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Although biblical exegesis and rhetoric, from which modern hermeneutics derived its first principles, are ancient arts, an effort to establish hermeneutics as a universal science, and especially to extend its principles to the science of society, is of a decidedly recent origin. "There is little doubt," states Gouldner, "that hermeneutics' roots in the modern era are traceable to Romanticism." Why is this so, what makes romanticism fertile ground for hermeneutical speculations? Hans-Georg Gadamer, a leading authority on hermeneutics, makes this intriguing suggestion about its origins:

The hermeneutical problem only emerges clearly when there is no powerful tradition present to absorb one's own attitude into itself and when one is aware of confronting an alien tradition to which he has never belonged or one he no longer unquestioningly accepts. . . . Historically it is worthy of note that while rhetoric belongs to the earliest Greek philosophy, hermeneutics came to flower in the Romantic era as a consequence of the modern dissolution of firm bonds with tradition.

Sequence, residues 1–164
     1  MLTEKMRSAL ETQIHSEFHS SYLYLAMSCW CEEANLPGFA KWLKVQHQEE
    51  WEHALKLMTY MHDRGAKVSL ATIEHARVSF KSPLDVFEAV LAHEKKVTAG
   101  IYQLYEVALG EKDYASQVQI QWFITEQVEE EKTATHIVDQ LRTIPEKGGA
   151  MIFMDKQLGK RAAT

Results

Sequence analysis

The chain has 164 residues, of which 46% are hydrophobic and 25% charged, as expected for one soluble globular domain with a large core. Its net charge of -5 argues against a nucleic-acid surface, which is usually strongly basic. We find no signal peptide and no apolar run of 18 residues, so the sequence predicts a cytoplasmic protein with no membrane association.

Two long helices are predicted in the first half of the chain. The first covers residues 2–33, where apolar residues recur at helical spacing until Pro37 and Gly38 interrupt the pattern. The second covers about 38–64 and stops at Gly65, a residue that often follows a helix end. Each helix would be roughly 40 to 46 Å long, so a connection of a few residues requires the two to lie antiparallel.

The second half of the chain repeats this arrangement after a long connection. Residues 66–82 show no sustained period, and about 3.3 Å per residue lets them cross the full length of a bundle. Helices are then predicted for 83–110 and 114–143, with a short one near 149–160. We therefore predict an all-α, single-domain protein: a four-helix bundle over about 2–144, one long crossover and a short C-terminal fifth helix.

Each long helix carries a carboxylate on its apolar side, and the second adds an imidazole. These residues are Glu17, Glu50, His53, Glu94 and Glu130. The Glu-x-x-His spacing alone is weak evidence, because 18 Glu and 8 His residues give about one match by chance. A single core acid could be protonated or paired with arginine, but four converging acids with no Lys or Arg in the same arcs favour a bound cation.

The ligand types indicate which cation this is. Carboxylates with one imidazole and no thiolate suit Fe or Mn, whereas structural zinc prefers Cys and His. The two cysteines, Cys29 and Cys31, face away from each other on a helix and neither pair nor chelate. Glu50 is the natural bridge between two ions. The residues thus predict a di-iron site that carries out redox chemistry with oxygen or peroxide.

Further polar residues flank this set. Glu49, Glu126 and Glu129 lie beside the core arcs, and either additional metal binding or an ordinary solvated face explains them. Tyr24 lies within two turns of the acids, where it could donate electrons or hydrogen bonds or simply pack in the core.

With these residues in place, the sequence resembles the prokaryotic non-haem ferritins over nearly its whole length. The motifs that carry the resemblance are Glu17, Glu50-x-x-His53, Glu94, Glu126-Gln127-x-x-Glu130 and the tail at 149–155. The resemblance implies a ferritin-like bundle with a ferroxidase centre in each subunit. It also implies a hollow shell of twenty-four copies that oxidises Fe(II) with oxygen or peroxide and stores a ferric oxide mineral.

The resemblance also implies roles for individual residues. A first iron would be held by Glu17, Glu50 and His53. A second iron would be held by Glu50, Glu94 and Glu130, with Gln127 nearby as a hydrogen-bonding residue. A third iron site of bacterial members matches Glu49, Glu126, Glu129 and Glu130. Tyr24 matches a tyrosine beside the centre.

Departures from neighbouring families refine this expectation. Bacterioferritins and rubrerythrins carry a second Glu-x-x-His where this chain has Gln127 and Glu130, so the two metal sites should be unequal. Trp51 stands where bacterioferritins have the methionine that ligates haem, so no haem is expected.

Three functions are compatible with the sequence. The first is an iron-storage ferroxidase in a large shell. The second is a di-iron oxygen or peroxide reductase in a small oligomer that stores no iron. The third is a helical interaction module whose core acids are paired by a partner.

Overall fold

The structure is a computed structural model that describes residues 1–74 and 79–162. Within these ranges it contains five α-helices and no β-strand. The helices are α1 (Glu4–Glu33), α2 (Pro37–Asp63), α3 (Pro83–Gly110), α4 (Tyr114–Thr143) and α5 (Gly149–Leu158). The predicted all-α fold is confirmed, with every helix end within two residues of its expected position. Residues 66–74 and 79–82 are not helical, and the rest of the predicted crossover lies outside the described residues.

Gadamer does not pursue the argument much further, yet his remark offers a clue for a potentially fruitful line of inquiry.


Hermeneutics; Romanticism; Sociology


Social Psychology and Interaction | Sociology


Posted with permission, all rights reserved. Social Research: An International Quarterly

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